YMCA of Central Stark County has existed for 150 years. In its earliest days it was led by William McKinley, who would go on to be a U.S. president. Today, standing at its helm with all of that history behind him is the longest-tenured CEO in the Stark branch’s history, Tim Shetzer.
His juxtaposition between a history of success and the hope of a successful future isn’t lost on Shetzer. He says when he took the position, his impression was twofold.
“One, some trepidation or fear that I’m going to screw it up; and two, just excited and humbled to try to continue to make a bigger and a broader impact throughout the county,” he says.
How much is a lot?
When Shetzer joined the Y 20 years ago, one of the first questions he asked was how many youth and families the organization helps and to what degree the nonprofit was financially helping and assisting members of the community through programs and membership.
“The staff at that time told me, ‘a lot.’ So I said, ‘Well, how much is a lot?’” Shetzer says.
The staff came back with a number: 380 youth and families.
“When I saw that I thought to myself, ‘That’s not very many people that we’re impacting and helping. We should be doing more than that.’ That’s one of the things we really have concentrated on the last 20 years,” he says.
Its emphasis on doing more has brought the number of youth and families helped by the Y to 11,741 and the amount of financial assistance provided to nearly $1.8 million this past year.
It has also seen increases in several other categories since Shetzer took the lead, including annual campaign donors and total members, the latter of which has gone from 14,100 in 1997 to 50,114 this past year.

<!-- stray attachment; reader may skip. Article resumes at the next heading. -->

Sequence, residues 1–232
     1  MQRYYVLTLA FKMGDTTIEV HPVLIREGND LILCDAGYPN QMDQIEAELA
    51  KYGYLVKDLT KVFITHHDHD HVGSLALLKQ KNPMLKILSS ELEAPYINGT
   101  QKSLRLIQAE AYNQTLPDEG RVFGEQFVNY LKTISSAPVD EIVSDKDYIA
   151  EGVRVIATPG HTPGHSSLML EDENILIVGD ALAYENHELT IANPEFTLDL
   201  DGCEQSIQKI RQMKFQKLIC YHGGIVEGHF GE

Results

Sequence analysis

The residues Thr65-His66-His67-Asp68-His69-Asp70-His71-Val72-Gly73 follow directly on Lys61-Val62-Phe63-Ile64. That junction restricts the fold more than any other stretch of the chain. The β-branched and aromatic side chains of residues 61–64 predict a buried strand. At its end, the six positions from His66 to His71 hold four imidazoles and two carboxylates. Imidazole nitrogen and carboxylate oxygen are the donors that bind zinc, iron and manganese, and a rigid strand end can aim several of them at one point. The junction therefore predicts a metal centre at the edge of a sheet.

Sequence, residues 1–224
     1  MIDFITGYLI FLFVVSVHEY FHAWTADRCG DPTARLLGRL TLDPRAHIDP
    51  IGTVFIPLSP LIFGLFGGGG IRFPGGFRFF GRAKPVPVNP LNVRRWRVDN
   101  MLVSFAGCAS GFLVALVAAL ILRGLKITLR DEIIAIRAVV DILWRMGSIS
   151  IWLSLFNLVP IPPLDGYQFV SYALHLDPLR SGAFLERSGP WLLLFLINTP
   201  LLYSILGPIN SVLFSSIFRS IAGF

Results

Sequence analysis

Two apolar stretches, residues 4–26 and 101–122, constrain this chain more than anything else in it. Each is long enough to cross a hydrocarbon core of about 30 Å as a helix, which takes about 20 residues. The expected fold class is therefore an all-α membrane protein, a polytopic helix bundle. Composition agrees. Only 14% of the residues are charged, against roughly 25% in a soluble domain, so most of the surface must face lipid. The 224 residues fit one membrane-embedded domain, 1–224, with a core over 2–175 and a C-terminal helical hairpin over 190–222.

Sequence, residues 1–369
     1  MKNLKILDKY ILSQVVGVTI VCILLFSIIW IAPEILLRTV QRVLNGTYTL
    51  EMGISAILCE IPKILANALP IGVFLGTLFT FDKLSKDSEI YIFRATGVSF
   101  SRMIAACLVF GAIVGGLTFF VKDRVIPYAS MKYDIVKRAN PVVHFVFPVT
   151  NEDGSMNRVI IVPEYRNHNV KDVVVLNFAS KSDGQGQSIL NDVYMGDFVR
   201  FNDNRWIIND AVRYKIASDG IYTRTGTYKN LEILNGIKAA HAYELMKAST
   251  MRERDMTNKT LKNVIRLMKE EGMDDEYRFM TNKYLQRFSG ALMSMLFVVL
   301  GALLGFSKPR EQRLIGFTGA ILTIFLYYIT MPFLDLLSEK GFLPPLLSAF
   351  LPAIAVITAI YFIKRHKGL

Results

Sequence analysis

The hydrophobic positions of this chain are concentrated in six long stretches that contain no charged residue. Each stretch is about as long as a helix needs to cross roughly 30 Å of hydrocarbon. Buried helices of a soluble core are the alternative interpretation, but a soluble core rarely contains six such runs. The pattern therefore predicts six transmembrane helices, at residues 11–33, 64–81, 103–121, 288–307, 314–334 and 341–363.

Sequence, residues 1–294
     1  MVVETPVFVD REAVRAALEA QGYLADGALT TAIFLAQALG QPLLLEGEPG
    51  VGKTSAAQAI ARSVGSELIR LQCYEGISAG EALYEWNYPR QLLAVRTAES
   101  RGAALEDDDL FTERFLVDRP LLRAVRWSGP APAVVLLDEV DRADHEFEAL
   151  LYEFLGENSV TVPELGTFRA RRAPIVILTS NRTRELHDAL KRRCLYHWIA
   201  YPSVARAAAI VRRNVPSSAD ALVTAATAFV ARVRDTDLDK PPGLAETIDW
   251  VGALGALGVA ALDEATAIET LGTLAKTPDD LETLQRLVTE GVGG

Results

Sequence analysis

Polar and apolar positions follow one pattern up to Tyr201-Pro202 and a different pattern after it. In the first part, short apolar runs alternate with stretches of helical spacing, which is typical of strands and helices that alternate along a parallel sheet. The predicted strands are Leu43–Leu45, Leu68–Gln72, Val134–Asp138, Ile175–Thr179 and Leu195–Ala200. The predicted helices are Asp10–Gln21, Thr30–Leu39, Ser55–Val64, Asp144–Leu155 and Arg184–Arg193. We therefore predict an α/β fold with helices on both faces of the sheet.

He attributes the significant increase in the number of people affected and the amount of money spent to help them in part to a change through the culture at the Y to be more intentional about the organization’s mission and promise.
“We have a promise that we don’t turn anybody away from the Y due to an inability to pay,” he says.
The Y has worked hard at getting the word out about this promise through marketing and word-of-mouth.
In addition to talking with the community about the Y’s mission and promise, it is also listening. Shetzer uses the national YMCA’s survey partner, Seer Analytics LLC, to survey its membership every three years — that’s about 50,000 card-carrying members in Stark County — to determine what the community needs. The nonprofit also works closely with the United Way of Greater Stark County and other agencies and local foundations to help ascertain what the community wants, and will gather groups of people together to identify emerging needs.
As CEO, Shetzer’s YMCA oversees 1,000 programs in 10 locations. Keeping track of the viability of those services means leaning on the leaders peppered throughout the organization’s territory.
Each main location has an executive director and a board of directors — a group of community leaders, usually around 20, give or take, who live in that service area. It also has a board of trustees who oversee the whole county.
“We have a lot of eyes and ears on what’s happening and what the need is and what’s going on,” Shetzer says. “We probably have 250 volunteer community leaders who serve on boards and we have staff in all those places.”
The Y also has an intentionally flat organization that is designed to elicit outstanding customer service.
“It’s not unusual for me to take a call from a customer who we’re not delighting and try to see if I can’t help that customer,” Shetzer says.
Still, having a feedback loop doesn’t shield Shetzer from his biggest concern.
“The thing that pops into my head is there’s just so many youth and children that we haven’t been able to reach yet,” he says. “A few times I’ve said, ‘Wouldn’t it be great if every kid in Stark County had access to a Y card so they had a safe and nurturing place they can go anytime they wanted to?’ We’re not there yet. And I guess it’s the kids that we weren’t able to help that haunts me, quite frankly.”
For Shetzer, chemistry among employees is central to healthy organizational culture. He says the Y believes in teaching new staff and community leaders who get involved with the nonprofit about the culture, which Shetzer characterizes as inclusive, open and connected.
“The folks that are older in the organization, we keep reminding each other that we have to be a little flexible, we have to be open to new ideas and new ways of doing things and keep focusing on continuous improvement,” Shetzer says. “Every generation has some good new and unique ideas on how to provide a better customer experience and better customer service. A lot of it just comes down to communication and being open and trying new things.”